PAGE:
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Kyle Dunnigan's SNL Audition Was A Total Disaster

It's one of the most nerve-wracking scenarios in comedy: the "Saturday Night Live" audition. Far from the enthusiastic live audiences that comedians thrive on, you prepare your best material and impressions for the legendary (and legendarily imposing) Lorne Michaels and the other producers of the show, knowing your performance means the difference between making it onto the most important ongoing TV show in American comedy or going back to your life before you managed to get the audition in the first place.

Not every comedian makes it through the process, and it's heartening to know that some performers can bounce back from bombing their "SNL" auditions to find success elsewhere in comedy (Jim Carrey being probably the most prominent example of a star who was rejected from "SNL"). Such is the case with Kyle Dunnigan, a stand-up comic who's written for "Inside Amy Schumer" and is a frequent guest of Howard Stern's.

Dunnigan has an "SNL" audition story that could make anybody's stomach churn with anxiety, and he shared it on a recent appearance on "Fly on the Wall," the podcast hosted by "SNL" vets Dana Carvey and David Spade.

Dana Carvey called Kyle Dunnigan's story a lesson in how not to audition for the show

Kyle Dunnigan, as you already know if you're a regular viewer of "Saturday Night Live," has never been a cast member or featured player on the show. And according to Dunnigan's story from his episode of "Fly on the Wall," that was no surprise after the way his audition went.

Dunnigan shared that at the time he decided to send a tape of himself doing various impressions and characters to "SNL," he was already a seasoned performer in the world of stand-up comedy. Not expecting even to hear back from the show's producers, they surprised him by flying him to New York City for an audition.

"Somehow, they flew me out and decided that I would audition," said Dunnigan. "And it felt way too big suddenly. The next day I was flying out, and I'm trying to write, and I'm really nervous."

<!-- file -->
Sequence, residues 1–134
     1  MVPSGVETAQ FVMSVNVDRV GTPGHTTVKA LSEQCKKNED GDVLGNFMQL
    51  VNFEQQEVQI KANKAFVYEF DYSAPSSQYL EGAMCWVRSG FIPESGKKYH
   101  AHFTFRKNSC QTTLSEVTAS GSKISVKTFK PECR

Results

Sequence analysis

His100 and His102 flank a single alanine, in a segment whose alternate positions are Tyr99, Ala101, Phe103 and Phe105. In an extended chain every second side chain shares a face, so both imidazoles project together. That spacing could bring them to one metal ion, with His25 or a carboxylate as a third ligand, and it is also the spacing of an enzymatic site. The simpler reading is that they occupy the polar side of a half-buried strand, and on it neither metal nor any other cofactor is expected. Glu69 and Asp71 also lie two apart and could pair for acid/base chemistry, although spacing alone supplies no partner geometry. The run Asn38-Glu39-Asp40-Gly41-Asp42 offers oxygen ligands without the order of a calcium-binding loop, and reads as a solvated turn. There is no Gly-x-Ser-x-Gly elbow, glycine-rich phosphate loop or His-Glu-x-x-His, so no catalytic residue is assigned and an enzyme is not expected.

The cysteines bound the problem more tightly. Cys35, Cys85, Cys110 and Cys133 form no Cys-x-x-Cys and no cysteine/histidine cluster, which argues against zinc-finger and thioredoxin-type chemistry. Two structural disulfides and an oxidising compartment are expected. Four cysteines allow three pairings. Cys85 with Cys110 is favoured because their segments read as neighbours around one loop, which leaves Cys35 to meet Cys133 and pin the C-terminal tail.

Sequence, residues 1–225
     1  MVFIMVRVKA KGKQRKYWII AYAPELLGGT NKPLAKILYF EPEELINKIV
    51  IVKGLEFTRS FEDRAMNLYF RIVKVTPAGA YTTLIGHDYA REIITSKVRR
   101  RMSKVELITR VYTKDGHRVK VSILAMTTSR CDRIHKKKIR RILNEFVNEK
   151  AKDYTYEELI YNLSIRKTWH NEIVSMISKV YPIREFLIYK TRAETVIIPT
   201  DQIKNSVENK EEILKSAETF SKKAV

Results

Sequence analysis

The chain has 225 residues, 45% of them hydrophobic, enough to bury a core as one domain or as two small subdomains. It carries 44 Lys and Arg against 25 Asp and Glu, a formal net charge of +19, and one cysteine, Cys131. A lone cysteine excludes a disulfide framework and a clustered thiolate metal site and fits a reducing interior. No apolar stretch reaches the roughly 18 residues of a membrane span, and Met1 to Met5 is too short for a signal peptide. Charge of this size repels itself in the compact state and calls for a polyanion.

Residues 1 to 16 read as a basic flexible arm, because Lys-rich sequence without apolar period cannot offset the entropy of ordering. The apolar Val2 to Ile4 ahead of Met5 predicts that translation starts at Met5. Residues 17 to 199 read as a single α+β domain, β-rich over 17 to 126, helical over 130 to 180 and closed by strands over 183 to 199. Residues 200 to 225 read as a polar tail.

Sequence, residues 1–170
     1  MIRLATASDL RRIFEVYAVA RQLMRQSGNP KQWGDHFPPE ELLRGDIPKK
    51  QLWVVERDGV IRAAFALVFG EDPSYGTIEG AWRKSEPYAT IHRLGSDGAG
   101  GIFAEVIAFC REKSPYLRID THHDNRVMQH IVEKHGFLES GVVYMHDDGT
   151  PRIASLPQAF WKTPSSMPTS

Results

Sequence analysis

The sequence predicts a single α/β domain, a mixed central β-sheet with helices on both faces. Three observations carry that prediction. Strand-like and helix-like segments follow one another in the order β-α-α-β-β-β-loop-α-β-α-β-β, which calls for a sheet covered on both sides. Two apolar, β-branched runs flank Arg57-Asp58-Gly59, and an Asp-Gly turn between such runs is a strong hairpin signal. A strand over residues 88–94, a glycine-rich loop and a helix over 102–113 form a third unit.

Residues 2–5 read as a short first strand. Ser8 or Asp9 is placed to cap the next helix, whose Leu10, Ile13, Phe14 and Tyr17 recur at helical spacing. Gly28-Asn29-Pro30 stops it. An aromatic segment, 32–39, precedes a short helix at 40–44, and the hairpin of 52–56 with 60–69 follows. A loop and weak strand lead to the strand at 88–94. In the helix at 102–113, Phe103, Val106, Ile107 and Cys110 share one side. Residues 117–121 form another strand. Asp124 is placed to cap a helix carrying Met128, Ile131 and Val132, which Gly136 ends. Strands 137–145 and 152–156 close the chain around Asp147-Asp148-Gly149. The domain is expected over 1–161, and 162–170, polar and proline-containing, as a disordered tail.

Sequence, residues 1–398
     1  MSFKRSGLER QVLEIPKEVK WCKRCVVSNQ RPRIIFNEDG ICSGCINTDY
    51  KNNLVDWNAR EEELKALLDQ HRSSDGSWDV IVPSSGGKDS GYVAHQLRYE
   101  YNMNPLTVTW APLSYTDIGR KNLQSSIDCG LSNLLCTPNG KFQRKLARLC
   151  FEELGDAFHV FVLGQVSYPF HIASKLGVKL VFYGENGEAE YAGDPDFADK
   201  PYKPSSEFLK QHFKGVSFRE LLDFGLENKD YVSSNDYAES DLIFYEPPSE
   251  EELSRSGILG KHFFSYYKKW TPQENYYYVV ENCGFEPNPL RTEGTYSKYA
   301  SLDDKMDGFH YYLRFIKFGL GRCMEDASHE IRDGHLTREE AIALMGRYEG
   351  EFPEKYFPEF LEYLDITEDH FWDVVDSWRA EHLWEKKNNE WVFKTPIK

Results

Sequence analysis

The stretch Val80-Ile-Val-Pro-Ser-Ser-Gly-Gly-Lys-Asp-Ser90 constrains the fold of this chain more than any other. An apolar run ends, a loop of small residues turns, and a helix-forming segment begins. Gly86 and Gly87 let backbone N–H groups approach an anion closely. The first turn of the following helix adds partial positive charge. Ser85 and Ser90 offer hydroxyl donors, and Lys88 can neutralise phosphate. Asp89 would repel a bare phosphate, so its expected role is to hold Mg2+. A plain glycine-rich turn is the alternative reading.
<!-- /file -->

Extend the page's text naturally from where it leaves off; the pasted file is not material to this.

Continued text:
It was those nerves that Dunnigan said contributed to his first major error in the process: going over his material too often in order to perfect the timing but accidentally losing the spontaneity and energy that is so important for comedy. His nerves were also crying out at the possibility that he might have to go first up in the line of auditioning performers, a group that he shared also included names like John Mulaney and Nick Kroll. Unfortunately, his luck was not with him, and he was called up first to the stage.

His job from this point was simple: wait for the cameraman's count-off, then perform his six minutes of prepared material. But unfortunately, he hit another snag just as the audition was beginning.

He served as a negative example for the other auditioners

As Kyle Dunnigan put it to "Fly on the Wall" hosts David Spade and Dana Carvey, the expected count-off from the cameraman never came, and the disruption caused him to absolutely freeze. "So I walk out, and the camera is in front of me, and Lorne [Michaels] is to my left. And I'm just staring at the camera, sick. Nothing's happening," remembered Dunnigan. And it was up to Michaels himself to break the silence.

It got worse from there. "And then Lorne goes, 'Hello?' Like 'Say hello to us, we're over here.' And I go, 'Oh hello, hi.'" After still more silence from the cameraman, Dunnigan said he was on the verge of explaining to Michaels that he was waiting for a count-off as instructed, at which point the cameraman finally began counting Dunnigan in.

Dunnigan said he was so rattled by the mishap that he froze onstage and couldn't call any of his prepared material to mind. "My brain is like, 'Look, all hands on deck to make this guy pass out.' They brought a piano out for m; I can't even play the pian; I'm just plunking on it. Every impression sounds the same," the comedian said.

As if to put a perfect comedy sketch "button" on the whole affair, Dunnigan remembered that as he was leaving the audition in a shambles, he heard a producer say to his fellow performers, "Guys, when you go out there, say hi to Lorne, okay?"

"So how not to do it," replied Carvey.

And so ends Dunnigan's horrifying tale of a botched "Saturday Night Live" audition, which definitely makes for a better story now than if everything had gone smoothly.